We can also make an allowance for any on-going expenses you incur in relation to your home such as mortgage payments, utility bills etc. You will need to provide evidence of these expenses as part of your financial assessment.

Provisional charges

If we are unable to complete a financial assessment form with you before you move into the care home, we will charge you at a provisional rate depending on your age as follows:

​Over 60

​£186.10 a week


£75.40 a week​ a week​

Once we have received the financial assessment form, we will assess your finances back dated to the date that you went into the care home.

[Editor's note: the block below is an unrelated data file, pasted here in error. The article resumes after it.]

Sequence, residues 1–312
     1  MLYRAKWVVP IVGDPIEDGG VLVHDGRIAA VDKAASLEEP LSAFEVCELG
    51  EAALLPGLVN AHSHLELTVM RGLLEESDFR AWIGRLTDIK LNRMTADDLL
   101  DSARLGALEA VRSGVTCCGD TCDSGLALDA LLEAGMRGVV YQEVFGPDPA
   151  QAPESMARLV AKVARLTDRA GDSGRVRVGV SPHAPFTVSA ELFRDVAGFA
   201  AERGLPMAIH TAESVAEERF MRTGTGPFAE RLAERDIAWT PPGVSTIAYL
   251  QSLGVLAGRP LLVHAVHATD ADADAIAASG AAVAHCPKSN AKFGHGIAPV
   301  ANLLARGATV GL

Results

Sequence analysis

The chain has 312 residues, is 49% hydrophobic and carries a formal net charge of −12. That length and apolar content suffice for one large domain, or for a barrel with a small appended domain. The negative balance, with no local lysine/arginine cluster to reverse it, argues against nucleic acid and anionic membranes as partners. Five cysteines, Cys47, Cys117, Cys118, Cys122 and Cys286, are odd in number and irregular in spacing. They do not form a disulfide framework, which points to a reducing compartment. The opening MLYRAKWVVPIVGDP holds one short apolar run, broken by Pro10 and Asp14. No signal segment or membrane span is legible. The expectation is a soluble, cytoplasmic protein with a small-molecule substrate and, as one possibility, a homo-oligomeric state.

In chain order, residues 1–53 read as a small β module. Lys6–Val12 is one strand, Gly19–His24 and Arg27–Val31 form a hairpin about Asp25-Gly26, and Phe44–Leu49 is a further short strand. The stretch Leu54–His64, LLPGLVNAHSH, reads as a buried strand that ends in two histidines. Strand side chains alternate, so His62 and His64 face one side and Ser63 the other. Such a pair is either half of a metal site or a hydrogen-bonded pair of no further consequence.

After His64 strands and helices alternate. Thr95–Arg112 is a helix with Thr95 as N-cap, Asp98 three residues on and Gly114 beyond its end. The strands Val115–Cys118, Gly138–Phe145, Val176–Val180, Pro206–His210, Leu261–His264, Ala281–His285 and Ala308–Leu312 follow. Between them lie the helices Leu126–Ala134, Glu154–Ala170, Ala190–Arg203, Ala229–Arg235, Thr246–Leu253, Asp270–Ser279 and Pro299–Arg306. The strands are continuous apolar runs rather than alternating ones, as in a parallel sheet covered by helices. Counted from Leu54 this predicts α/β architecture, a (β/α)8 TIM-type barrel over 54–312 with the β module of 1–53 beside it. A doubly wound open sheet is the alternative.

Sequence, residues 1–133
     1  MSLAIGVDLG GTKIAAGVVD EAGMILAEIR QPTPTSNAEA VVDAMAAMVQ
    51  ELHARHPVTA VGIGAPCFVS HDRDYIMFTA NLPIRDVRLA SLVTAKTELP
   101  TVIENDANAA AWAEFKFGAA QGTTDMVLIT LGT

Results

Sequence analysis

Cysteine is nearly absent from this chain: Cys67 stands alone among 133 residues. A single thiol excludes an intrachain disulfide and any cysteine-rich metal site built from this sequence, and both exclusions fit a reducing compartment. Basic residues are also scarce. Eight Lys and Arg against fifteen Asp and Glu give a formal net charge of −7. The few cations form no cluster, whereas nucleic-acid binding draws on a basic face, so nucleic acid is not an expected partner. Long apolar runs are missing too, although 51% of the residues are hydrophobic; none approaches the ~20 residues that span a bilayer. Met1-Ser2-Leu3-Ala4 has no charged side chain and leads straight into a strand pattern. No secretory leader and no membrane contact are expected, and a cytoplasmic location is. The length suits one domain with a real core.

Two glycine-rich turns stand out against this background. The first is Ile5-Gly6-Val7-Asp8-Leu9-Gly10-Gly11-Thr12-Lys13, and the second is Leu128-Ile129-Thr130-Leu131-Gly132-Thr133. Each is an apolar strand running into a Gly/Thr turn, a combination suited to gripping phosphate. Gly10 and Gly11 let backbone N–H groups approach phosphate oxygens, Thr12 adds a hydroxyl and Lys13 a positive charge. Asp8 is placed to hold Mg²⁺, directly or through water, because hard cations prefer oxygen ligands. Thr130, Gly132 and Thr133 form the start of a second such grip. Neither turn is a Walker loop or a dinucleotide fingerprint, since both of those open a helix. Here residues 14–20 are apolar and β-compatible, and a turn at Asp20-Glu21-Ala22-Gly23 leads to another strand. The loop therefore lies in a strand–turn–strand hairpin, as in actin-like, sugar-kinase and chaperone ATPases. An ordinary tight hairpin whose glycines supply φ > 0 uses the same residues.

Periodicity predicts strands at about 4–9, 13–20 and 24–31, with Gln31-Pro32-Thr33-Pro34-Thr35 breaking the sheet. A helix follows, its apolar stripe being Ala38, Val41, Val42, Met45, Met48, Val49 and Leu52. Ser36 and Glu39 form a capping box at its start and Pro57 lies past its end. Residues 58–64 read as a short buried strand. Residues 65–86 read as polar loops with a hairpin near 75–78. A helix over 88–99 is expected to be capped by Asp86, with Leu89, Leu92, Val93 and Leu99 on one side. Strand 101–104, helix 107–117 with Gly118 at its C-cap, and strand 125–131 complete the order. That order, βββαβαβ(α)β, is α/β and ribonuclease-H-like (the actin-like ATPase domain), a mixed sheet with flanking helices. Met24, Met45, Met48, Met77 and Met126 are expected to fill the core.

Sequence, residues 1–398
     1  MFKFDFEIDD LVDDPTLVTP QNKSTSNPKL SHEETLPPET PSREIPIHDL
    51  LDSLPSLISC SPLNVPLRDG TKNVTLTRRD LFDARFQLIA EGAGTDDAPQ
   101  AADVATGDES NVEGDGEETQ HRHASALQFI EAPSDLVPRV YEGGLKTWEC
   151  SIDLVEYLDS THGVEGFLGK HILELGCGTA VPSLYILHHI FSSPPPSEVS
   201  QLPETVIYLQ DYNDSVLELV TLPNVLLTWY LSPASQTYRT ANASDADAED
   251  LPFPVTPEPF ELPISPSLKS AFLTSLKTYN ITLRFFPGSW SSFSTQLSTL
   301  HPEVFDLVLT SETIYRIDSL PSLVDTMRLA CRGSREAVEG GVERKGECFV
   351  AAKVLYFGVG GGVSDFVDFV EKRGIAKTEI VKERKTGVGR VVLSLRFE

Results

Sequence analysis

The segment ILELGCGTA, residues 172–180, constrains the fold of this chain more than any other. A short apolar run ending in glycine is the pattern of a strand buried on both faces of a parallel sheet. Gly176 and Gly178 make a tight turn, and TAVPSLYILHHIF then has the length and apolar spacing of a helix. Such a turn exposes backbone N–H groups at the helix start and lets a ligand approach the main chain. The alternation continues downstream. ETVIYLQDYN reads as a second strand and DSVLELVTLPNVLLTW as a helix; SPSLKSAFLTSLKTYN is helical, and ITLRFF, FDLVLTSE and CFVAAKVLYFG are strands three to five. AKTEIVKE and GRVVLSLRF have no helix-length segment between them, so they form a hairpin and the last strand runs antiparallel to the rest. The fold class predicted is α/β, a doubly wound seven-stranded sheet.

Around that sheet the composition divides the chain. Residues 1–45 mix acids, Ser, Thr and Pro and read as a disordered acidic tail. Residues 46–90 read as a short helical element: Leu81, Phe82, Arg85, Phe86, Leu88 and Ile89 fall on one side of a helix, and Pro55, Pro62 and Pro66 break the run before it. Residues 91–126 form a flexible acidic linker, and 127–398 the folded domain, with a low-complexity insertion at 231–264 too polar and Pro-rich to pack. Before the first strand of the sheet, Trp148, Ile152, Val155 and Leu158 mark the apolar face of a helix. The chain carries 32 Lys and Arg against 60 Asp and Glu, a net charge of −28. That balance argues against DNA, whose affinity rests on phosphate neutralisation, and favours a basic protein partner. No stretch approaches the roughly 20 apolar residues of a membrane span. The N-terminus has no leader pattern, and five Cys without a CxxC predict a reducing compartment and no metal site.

If you do not complete the financial assessment form, we will have no option but to charge you the full cost of the care home back dated to the date you went in.

Paying your contribution and what happens if you don’t pay

You will usually pay your contribution to the care home on a monthly basis.

In some circumstances we will issue you with a four weekly invoice directly from the council.

There may be a slight delay from the time you go into the care home up to the point that we tell you what your contribution should be.

During this time you should make sure that you keep sufficient funds to be able to meet your contribution towards the cost of the care home once invoices are issued.

This will usually be all of your income less your personal allowance of £28.25.

If you do not pay your contribution we will take recovery action, which may involve legal proceedings and could incur costs for which you may be liable.